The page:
Abstract Title

Double Balloon Configuration for a Controlled Ascent and Descent for Atmospheric Research.

Author Information

Noemi Miguelez GomezFollow

Is this project an undergraduate, graduate, or faculty project?

Graduate

group

Poster Session

Authors' Class Standing

Graduate Student

Lead Presenter's Name

Noemi Miguelez Gomez

Faculty Mentor Name

Dr. Aroh Barjatya

Abstract

A recently funded AFOSR Multidisciplinary University Research Initiative (MURI), "Integrated Measurement and Modeling Characterization of Stratospheric Turbulence", has embarked on a 5-yr effort to resolve significant operational issues concerning hypersonic vehicle aerothermodynamics, boundary layer stability, and aero-optical propagation. In-situ turbulence measurements along with modeling will quantify spatiotemporal statistics and the dependence of stratospheric turbulence on underlying meteorology to a degree not previously possible. Data from high altitude balloons sampling at 1-2 kHz is required to characterize turbulence to the inner-scale, or smaller, over altitudes from 20 km to 35+ km. This project presents the development of a standard balloon bus, based on reliable COTS components, that includes radios operating in Ham/ISM frequencies with high-gain ground station antennas to achieve high telemetry rates that potentially enable sub-cm scale sampling. It includes strategies developed to increase the reliability of conventional latex balloons to achieve altitudes above 35 km (115 kft) as well as offer controlled descent enabling unperturbed environmental parameter measurements such as turbulence. It addresses the challenge to “mass produce” balloon payloads for simultaneous multi-point balloon launches and to support multiple closely-timed launches, along with downlinking all data to accommodate situations when payload retrieval is not possible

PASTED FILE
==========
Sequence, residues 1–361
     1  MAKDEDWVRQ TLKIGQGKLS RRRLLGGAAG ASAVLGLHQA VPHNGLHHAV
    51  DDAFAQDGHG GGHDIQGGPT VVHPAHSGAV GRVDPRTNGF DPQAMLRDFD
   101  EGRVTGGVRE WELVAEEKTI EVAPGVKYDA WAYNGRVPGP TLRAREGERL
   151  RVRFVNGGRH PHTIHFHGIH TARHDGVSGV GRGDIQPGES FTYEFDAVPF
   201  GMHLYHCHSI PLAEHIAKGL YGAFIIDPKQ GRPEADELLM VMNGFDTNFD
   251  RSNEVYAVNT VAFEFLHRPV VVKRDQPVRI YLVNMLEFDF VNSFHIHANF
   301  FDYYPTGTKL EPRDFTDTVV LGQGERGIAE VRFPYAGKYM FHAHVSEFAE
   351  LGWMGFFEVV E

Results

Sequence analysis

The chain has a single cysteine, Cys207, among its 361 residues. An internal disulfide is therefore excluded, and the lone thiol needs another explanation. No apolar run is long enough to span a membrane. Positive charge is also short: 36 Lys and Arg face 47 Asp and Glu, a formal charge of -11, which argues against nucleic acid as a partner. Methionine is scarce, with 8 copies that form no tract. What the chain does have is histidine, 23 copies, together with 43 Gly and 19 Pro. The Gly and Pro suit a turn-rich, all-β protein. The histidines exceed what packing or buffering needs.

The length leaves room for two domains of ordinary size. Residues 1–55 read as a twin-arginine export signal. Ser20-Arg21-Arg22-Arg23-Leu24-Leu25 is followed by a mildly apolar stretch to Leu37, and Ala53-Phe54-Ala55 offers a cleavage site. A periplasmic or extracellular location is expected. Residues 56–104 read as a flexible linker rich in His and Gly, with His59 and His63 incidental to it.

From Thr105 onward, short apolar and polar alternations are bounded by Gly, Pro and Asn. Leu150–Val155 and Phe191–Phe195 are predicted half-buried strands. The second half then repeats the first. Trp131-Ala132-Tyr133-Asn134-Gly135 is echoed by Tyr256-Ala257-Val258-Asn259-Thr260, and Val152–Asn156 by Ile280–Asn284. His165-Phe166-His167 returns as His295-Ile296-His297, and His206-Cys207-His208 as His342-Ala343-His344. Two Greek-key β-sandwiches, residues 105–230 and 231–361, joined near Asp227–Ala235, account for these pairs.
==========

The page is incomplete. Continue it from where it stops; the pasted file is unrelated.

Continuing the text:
Did this research project receive funding support (Spark or Ignite Grants) from the Office of Undergraduate Research?

No

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Double Balloon Configuration for a Controlled Ascent and Descent for Atmospheric Research.

A recently funded AFOSR Multidisciplinary University Research Initiative (MURI), "Integrated Measurement and Modeling Characterization of Stratospheric Turbulence", has embarked on a 5-yr effort to resolve significant operational issues concerning hypersonic vehicle aerothermodynamics, boundary layer stability, and aero-optical propagation. In-situ turbulence measurements along with modeling will quantify spatiotemporal statistics and the dependence of stratospheric turbulence on underlying meteorology to a degree not previously possible. Data from high altitude balloons sampling at 1-2 kHz is required to characterize turbulence to the inner-scale, or smaller, over altitudes from 20 km to 35+ km. This project presents the development of a standard balloon bus, based on reliable COTS components, that includes radios operating in Ham/ISM frequencies with high-gain ground station antennas to achieve high telemetry rates that potentially enable sub-cm scale sampling. It includes strategies developed to increase the reliability of conventional latex balloons to achieve altitudes above 35 km (115 kft) as well as offer controlled descent enabling unperturbed environmental parameter measurements such as turbulence. It addresses the challenge to “mass produce” balloon payloads for simultaneous multi-point balloon launches and to support multiple closely-timed launches, along with downlinking all data to accommodate situations when payload retrieval is not possible